First you breathe in

It started with Guy Martin in Russia, or at least a programme about Guy Martin in Russia. Rather than being suspicious of Russian people Guy got on really well with them, which got me thinking. Specifically about Systema, a Russian martial art I’d read about years ago.

After a spot of googling I came across the website of a guy called Matt Hill, a Systema instructor based in Wiltshire. I watched a few of his videos and they totally flipped my idea of what a martial art is and what Systema is all about. A lot of Matt’s videos focus on breath. It made me think about yoga from a different angle.

So, it actually starts with Sukhasana. Just about every yoga class I go to or teach starts with sitting cross-legged. This is usually followed by instruction to “sit up straight” and “pull your shoulders back”…

But, I thought, what if I just try to create the pose from the breath? After repeatedly starting my practice like this I find that it really helps me to bring my focus to my practice straight away. And it’s a focus and awareness that remains throughout. I start by sitting cross-legged but without any conscious effort to do anything regarding posture. Instead, I start yogic breathing, deep down into my abdomen and allow my ribcage and chest to fill with air. This action naturally extends the spine and lifts the chest. A few repetitions asserts the extension and then I focus on using the exhalation to relax my shoulders, neck, groin, hips, knees… As my next extends and my chin comes towards my chest I feel a good connection to and awareness of my breath.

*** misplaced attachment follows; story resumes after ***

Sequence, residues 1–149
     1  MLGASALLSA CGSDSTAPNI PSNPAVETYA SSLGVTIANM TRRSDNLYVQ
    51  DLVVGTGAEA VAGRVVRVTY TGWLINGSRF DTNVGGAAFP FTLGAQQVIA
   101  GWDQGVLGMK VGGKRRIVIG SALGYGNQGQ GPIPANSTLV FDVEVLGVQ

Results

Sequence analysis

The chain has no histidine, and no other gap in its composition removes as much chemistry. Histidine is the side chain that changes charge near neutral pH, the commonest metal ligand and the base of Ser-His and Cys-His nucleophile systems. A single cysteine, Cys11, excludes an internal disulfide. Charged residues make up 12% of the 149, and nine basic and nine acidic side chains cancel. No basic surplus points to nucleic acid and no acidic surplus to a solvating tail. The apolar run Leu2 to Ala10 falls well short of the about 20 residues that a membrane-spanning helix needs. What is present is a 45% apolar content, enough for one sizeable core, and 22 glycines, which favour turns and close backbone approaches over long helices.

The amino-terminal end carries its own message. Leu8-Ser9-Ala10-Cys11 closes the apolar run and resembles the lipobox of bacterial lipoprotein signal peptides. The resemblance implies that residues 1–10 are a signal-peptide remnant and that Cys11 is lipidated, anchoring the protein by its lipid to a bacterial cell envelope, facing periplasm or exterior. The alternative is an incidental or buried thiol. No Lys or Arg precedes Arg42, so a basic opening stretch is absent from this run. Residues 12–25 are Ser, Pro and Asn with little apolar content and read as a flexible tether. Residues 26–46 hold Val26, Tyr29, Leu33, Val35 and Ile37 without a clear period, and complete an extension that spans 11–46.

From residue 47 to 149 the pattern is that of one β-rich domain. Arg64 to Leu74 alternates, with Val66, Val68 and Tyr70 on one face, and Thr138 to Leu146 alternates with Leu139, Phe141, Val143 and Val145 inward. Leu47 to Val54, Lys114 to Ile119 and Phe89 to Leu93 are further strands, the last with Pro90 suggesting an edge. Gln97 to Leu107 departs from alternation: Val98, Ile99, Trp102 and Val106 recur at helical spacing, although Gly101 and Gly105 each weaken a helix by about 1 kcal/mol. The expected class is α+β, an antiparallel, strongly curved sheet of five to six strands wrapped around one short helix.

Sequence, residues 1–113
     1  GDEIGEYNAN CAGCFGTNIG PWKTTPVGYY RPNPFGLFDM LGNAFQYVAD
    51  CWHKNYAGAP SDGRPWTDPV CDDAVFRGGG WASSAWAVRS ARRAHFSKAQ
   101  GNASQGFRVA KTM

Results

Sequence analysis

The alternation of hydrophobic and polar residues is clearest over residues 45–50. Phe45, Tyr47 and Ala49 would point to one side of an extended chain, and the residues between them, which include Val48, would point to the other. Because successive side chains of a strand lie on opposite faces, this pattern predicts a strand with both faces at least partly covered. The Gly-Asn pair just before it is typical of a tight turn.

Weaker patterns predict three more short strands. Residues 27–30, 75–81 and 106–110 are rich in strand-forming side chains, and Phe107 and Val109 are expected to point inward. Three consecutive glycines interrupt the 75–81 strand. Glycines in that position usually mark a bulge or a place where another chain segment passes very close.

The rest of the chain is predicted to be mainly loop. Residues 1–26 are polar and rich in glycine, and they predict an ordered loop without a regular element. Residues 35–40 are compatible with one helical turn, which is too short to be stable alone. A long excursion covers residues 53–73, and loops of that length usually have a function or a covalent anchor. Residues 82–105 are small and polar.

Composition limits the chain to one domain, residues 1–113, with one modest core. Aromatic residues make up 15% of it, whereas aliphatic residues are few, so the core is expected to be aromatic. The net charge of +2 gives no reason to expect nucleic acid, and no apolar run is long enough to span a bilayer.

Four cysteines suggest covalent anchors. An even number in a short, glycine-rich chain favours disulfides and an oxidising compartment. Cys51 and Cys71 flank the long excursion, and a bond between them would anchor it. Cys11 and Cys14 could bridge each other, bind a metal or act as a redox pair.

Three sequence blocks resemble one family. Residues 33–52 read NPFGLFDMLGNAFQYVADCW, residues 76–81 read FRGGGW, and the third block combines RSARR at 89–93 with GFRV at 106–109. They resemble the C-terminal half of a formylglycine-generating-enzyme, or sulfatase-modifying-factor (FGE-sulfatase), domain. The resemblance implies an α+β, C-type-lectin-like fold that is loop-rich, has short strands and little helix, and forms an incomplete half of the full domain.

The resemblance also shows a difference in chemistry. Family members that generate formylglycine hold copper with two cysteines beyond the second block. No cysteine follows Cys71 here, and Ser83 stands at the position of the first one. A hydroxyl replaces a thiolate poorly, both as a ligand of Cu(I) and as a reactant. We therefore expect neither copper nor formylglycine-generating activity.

I try to maintain this throughout my practice to see what it brings. It’s certainly brought new insights into Surya Namaskar (Sun Salutation). And it’s brought a new appreciation for Balasana (Child pose) and Adho Mukha Virasana (Face-down Hero pose).

In Balasana I focus on breathing into my back and minimise any expansion of my chest, which I monitor through the pressure between my chest and thighs. Likewise, in Adho Mukha Virasana I focus on expanding my ribs sideways using the pressure between my ribcage and inner thighs as a guide. I also like to come up onto fingertips of my hands as they extend forward as it helps my thoracic spine to extend.

The ability to controlling my breathing and direct into different areas of my body has done wonders for the development of other poses. By breathing into my back ribs I have found a much improved ability to go deep into forward bends. It also helps with twists like Parivrtta Parsvakonasana where breathing into the front body becomes very compromised and spending anytime in the pose very difficult without being able to use the back to breathe.

Over the next few weeks I’ll be exploring Sun Salutations through breathing, any insights from which I’ll be happy to share.

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